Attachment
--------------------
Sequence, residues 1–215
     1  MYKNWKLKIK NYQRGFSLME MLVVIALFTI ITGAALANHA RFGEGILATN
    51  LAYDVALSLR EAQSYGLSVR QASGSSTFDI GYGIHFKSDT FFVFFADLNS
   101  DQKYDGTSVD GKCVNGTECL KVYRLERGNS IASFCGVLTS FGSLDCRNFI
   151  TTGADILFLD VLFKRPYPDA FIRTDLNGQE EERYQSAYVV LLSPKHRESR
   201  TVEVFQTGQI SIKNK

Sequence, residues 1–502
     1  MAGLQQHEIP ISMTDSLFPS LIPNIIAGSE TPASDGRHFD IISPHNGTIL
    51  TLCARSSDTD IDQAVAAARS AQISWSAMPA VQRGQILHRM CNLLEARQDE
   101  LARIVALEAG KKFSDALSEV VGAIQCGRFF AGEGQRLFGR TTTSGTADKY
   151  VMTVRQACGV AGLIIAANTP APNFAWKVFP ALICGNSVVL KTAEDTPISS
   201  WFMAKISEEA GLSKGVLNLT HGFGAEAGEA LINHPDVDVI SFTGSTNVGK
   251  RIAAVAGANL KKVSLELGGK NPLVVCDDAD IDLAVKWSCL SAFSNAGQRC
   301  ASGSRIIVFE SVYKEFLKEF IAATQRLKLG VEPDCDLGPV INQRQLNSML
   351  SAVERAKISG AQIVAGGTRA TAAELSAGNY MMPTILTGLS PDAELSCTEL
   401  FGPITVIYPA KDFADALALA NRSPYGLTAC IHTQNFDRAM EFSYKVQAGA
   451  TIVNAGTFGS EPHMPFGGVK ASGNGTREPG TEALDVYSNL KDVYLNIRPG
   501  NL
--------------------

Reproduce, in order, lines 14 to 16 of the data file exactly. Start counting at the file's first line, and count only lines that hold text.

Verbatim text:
   301  ASGSRIIVFE SVYKEFLKEF IAATQRLKLG VEPDCDLGPV INQRQLNSML
   351  SAVERAKISG AQIVAGGTRA TAAELSAGNY MMPTILTGLS PDAELSCTEL
   401  FGPITVIYPA KDFADALALA NRSPYGLTAC IHTQNFDRAM EFSYKVQAGA